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PROFILES IN INNOVATION


Career Voices A


“My team are the behind- the-scenes people who make your phones and devices work,” Marbury said.


They are involved in the construction of cell towers and shelters, budgeting, scheduling, and more.


Marbury first became a


manager with the telecommunica- tion’s company in 2011, oversee- ing equipment engineering. When her boss who dealt with the project managers retired, Marbury was promoted to her current position and now handles responsibility for both areas.


“The most challenging aspect of the job is doing double duty,” she said.


Shelvy Marbury, area manager, network engineering, AT&T


However, Marbury credits her previous supervisor for grooming her to take on the job. In fact, she said she didn’t real- ize that her boss’ insistence that she take on various leadership roles was leading to her next step up. “All throughout my career I’ve really, really been blessed with mentors who took me under their wing and shared words of wisdom, lessons learned and experiences that they’ve gone through,” Marbury said. “That’s so very, very important.” She added that her supervisors throughout her career have often advocated on her behalf.


“My supervisors and the leadership structure at AT&T has


by Gale Horton Gay ghorton@ccgmag.com


SUCCESSFUL CAREERS REQUIRE COMMITMENT AND HARD WORK


long successful career isn’t the result of luck or a singular effort but constant hard work, strategic moves and guid- ance from mentors.


That’s the view from two of the 2015 BEYA STEM Confer- ence award winners. Shelvy Marbury, a veteran with AT&T for 18 years, has been bestowed with the title of 2015 professional achievement award winner. Ernest Levert, who has risen through the ranks at Lockheed Martin during his 28-year career with the aerospace and defense gi- ant, has been honored with the 2015 career achievement award. Marbury currently serves as an area manager for Michigan and Indiana responsible for oversight of equipment engineers and proj- ect managers.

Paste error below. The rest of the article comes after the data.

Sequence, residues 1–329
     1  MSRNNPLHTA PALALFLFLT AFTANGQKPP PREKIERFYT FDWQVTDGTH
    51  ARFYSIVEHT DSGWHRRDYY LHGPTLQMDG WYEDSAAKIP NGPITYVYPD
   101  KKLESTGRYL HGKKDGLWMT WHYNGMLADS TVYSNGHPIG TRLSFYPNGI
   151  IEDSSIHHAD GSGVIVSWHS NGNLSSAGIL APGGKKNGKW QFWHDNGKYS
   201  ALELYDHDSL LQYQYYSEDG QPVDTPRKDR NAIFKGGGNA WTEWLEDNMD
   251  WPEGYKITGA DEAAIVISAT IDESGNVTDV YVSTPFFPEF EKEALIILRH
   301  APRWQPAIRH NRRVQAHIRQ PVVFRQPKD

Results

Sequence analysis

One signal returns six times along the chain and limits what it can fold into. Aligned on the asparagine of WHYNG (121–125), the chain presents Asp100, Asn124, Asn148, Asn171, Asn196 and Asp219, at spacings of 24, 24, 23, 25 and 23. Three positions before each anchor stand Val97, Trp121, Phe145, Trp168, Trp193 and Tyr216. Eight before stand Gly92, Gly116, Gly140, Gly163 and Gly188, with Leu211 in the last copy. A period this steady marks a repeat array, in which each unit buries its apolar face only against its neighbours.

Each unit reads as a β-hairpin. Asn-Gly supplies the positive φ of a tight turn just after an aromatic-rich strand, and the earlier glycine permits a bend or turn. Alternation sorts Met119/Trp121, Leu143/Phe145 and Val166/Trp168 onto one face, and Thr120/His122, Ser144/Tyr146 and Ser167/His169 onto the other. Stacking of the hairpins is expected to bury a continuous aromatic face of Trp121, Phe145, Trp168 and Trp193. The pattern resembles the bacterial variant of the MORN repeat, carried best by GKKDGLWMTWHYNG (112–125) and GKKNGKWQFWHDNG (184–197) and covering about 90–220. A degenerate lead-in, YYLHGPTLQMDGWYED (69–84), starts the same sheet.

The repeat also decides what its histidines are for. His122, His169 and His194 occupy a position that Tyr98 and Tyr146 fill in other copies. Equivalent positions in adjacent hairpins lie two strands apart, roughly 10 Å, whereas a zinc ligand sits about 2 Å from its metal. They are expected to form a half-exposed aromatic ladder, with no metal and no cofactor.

been extremely, extremely supportive and encouraging and motivating.”


Marbury describes herself as a low-key person who doesn’t seek the limelight.


“I get a sense of accomplishment just from accomplishing whatever the goal is. Whether you know it or not, people are always watching you. Watching what you do, how you do it. “Every leadership position that I have had, I have been recommended for it. Mentors re- ally pushing me in that direction, usually someone just watching me work. I am not a big talker. I like to let my work speak for me.” Her advice to future engi- neers is simple: be knowledge- able, dependable and accountable. And she recommends developing relationships and not underestimat- ing the importance of “being kind to others. “It’s very challenging, but if you work hard and set the bar for yourself and really operate in excellence, you will succeed.” Marbury, who graduated from


Tuskegee in 1995 with a degree in mechanical engineering, cites her parents for pushing her and her sis- ters (one’s an engineer, the other’s a physician).


“My parents were very good instilling core values and a work ethic,” she said.


She recalled a challenging time when she had graduated from high school and her father had lost his job and become ill. She was


uncertain how she would make it through college. Her dad used the family name — Young — as a way to inspire his daughter. “He said ‘You are Young, you can do anything you want to.’ He was my cheerleader,” Marbury said, reflecting that there were some times when she wanted to give up. “I just couldn’t.” She added that she also felt a connection to her ancestors who had sacrificed so much so she could have opportunities. “It made me work hard,” she said of her years in college.


“Things weren’t easy.”


She continues to draw on those sources of strength as well as her faith in the challenges she faces in her current life. She is


14 USBE&IT I WINTER 2015


www.blackengineer.com


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